I'll usually let them roll along for a few minutes before I start to ask questions like: "Where did those numbers come from? Who said I needed nanosecond precision?  And by the way, did I mention that I need to keep track of dates starting in 6000 BC, not 1970?"

Anyone can twiddle bits -- I need to hire people who can understand user requirements. Writing code is easy.  Knowing what code to write is hard.

* does the code "work by accident"?  I've had candidates who wrote bad code, found the bugs, fixed them by randomly changing the code until it worked, and were then unable to cogently explain to me in English how the algorithm that they just wrote worked.

* Can the candidate find bugs in their own code? Can they tidy it up?  Can they optimize it for speed, for space, for readability, for portability?  Do they handle error cases?  Even if the code is _wrong_, I care about these things.

I don't really care if you can't write a correct algorithm in twenty minutes. I've recommended-for-hire candidates who did not actually correctly solve my problem, and I've no-hired candidates who did correctly solve it.  It is much more about how you approach the problem.

Anyone can write correct code, given enough time.  Not everyone can understand the user requirements, carefully analyze the problem and then apply sound software engineering practices towards a solution.  I want to hire the people who can.

Those things are way more important to me than knowing if the candidate can figure out how many piano tuners there are in Idaho.  Figuring out all that in a 50 minute hour is pretty hard, but we do our best.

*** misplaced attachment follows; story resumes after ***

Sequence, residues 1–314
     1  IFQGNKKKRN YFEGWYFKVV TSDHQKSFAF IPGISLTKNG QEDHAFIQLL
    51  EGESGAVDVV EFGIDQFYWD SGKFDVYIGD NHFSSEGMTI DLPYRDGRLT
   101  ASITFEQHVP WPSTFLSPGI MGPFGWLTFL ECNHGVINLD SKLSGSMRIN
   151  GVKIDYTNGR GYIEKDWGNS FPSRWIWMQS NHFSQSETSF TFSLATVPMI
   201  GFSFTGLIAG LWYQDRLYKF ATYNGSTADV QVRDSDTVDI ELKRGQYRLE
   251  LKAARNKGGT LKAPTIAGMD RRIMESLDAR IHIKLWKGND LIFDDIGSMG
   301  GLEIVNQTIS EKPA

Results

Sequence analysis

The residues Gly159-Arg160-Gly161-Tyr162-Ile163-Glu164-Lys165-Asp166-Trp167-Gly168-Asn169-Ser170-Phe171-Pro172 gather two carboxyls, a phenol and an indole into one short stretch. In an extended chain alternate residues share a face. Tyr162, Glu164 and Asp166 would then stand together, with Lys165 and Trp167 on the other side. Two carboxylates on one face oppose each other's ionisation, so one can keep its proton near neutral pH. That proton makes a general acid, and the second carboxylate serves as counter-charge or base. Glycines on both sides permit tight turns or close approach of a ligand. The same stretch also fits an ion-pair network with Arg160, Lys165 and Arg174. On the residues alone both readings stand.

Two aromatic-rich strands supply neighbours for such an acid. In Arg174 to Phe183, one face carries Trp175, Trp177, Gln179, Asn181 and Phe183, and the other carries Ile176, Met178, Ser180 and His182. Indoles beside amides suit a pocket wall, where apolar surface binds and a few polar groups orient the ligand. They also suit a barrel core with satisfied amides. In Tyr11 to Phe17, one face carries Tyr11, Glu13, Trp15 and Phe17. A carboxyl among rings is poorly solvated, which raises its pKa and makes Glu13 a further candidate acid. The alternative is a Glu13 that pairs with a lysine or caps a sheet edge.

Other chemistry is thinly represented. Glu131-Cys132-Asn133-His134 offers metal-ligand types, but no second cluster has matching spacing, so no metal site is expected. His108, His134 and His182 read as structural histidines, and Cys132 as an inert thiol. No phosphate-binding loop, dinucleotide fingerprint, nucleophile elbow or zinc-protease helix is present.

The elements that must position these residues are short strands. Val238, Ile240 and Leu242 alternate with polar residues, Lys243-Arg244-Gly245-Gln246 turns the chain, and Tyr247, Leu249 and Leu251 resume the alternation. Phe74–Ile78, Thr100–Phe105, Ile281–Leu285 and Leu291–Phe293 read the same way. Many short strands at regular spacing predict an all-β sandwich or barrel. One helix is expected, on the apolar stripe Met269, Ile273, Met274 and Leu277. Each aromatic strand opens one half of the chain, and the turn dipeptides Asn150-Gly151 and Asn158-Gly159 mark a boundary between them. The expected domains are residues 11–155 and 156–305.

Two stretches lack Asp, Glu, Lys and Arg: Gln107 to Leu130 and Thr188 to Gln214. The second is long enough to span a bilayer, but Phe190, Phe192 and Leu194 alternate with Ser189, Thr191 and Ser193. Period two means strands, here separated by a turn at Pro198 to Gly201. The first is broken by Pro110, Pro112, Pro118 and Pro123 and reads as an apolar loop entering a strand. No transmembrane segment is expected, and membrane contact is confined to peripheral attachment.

Eric Lippert
Monday, May 5, 2003

I love the "how many ping pong balls" type of question.  First of all, engineers find themselves making back-of-the-envelope calculations all the time, so someone who's incapable of this lacks a very important job skill.

But secondly, it gives you a glimpse inside the person's personality.  Do they just stand there and stare at you?  If so, they likely lack the persistence to solve this and more difficult problems, and would be more fit for a career at McDonald's, only doing what they are told to do.

The "how would you move Mt. Fuji" type of question, on the other hand, is utter crap.  The only correct answer to it is violent push-back at doing such an enormous, pointless task.  The ability to contrive an imaginative solution to this problem has absolutely peanuts to do with writing real code.